Statement from Colorado State Bank Commissioner Ken Boldt and Financial Services Commissioner Mark Valente

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Recent events, specifically the failures of Silicon Valley Bank and Signature Bank, have raised some important questions about the condition of financial institutions across the nation, including in Colorado.

The Colorado Division of Banking supervises state chartered commercial banks, and the Colorado Division of Financial Services supervises state chartered credit unions and savings and loans associations under the Colorado Department of Regulatory Agencies (DORA). As the primary regulators of Colorado state-chartered banks and credit unions, we understand why depositors, both large and small, would have such questions.

Our two divisions examine these institutions, in conjunction with federal regulators, such as the FDIC, Federal Reserve, or NCUA, to assess overall financial and operational conditions to help ensure the institutions’ safety and soundness. Both Divisions routinely monitor Colorado state-chartered institutions as well. Our examinations show that our Colorado state chartered banks and credit unions are financially strong and well managed, are in sound financial condition, and are ready to meet the needs of Coloradans.
Colorado state-chartered banks are in sound condition. They have diversified deposits, loans and investments. No Colorado state-chartered bank has significant concentrations in a single
industry or economic sector. State-chartered bank management and board of directors are held to a high standard by the Division of Banking and the federal regulators to properly
manage and mitigate risk. Also, all Colorado state-chartered banks are Federal Deposit Insurance Corporation (FDIC) insured up to $250,000 per customer, and to date, no customer
in Colorado has lost a single penny of insured deposits since the FDIC was created in 1933.

Colorado state-chartered credit unions are well-capitalized and hold diverse deposit, loan and investment portfolios with concentrations not heavily held in any one particular industry or sector. Credit union management and board of directors are held to a high standard by the Division of Financial Services and the National Credit Union Administration (NCUA - the credit union industry’s Federal Deposit Insurer) to properly manage and mitigate risk. Colorado state chartered credit unions continue to operate conservatively and are highly diversified. All Colorado state-chartered credit unions are NCUA insured up to $250,000 per customer, and to date, no Colorado credit union member has lost a single penny of insured share deposits within the credit union system.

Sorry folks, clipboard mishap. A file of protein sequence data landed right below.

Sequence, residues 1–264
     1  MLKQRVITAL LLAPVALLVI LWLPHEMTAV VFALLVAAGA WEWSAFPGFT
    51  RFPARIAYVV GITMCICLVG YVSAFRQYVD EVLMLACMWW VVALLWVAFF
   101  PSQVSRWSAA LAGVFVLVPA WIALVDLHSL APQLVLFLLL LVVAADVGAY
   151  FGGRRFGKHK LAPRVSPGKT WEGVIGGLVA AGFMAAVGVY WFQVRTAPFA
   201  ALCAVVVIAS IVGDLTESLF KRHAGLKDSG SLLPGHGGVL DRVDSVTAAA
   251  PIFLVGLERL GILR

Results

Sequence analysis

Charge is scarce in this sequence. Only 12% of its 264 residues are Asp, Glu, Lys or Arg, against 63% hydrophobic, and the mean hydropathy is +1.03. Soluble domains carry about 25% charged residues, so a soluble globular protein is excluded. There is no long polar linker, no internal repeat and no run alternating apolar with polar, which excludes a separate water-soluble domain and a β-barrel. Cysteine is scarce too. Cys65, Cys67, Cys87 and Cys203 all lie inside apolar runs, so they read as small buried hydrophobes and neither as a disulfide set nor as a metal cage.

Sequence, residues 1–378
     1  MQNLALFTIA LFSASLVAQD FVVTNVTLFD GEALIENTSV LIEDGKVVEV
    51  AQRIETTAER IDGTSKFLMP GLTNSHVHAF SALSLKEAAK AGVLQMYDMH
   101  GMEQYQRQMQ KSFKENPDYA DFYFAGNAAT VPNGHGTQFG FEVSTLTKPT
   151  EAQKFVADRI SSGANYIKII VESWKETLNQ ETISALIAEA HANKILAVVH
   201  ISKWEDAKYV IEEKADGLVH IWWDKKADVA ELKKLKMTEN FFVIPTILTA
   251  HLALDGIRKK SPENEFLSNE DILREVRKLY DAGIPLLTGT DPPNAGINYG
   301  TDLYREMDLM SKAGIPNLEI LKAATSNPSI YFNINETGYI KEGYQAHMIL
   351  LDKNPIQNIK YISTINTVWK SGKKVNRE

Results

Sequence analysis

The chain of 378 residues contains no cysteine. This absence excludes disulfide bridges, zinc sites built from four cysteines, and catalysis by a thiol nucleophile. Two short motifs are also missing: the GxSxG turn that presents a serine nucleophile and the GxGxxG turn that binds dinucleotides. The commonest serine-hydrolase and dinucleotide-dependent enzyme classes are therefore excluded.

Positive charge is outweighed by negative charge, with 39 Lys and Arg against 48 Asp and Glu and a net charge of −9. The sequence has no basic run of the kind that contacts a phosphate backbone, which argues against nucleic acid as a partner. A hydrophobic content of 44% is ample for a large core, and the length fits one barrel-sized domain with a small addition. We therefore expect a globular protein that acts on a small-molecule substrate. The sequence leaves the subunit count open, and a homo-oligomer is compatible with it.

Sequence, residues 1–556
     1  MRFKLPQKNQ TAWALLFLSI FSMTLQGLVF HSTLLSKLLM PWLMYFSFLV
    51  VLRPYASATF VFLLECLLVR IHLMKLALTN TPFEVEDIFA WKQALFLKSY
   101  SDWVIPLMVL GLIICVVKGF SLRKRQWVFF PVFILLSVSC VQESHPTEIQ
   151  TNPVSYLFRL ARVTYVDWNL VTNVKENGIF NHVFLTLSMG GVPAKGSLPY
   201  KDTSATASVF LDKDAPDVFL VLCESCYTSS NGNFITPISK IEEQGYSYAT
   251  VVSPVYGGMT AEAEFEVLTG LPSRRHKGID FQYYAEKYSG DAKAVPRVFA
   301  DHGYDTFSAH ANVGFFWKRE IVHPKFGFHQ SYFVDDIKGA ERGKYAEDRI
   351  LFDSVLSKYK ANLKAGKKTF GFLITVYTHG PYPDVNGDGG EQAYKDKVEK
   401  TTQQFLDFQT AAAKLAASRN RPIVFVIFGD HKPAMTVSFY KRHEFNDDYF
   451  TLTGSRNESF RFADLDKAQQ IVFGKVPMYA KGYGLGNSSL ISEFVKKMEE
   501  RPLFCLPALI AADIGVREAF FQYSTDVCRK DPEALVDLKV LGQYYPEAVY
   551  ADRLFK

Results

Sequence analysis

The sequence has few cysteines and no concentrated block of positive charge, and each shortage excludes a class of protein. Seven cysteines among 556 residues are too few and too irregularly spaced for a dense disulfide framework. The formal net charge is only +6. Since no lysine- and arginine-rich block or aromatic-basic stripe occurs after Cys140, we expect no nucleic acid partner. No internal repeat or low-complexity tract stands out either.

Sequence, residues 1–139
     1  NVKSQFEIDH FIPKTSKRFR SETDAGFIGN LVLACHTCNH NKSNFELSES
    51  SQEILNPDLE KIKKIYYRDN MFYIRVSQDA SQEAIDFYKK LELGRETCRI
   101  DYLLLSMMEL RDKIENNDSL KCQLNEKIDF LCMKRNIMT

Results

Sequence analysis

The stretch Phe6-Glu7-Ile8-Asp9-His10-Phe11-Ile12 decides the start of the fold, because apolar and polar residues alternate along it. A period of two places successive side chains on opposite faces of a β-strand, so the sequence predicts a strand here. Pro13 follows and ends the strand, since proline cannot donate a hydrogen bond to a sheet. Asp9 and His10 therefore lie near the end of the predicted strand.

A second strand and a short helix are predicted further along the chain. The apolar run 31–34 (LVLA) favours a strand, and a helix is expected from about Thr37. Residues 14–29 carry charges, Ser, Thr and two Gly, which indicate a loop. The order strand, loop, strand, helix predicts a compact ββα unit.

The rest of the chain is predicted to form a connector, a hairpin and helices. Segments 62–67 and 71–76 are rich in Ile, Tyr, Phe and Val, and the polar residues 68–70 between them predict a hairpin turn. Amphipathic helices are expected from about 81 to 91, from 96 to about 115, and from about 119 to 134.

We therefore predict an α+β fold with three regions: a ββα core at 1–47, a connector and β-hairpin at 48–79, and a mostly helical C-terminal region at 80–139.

We should note the Banking and the Financial Services division do not supervise federally chartered financial institutions, which also operate in Colorado. For those that hold a state-charter, we work collaboratively with federal banking and credit union regulators to
help ensure the safety and soundness of our banking industry in Colorado.

Should Colorado consumers have more questions about their financial institutions, whether or not deposit insurance applies to their accounts, or need more information, we encourage
them to:
1. Contact their financial institution directly to verify that their deposits are in an insured account, or with other questions or concerns.
2. If you hold an account with an FDIC insured bank, visit the FDIC’s insurance coverage calculator. You can also contact the FDIC’s Information and Support Center, or call
them at 1-877-275-3342 (1-877-ASKFDIC).
3. If you hold an account with a credit union, the NCUA provides information about deposit insurance, also has an insurance coverage calculator and consumer assistance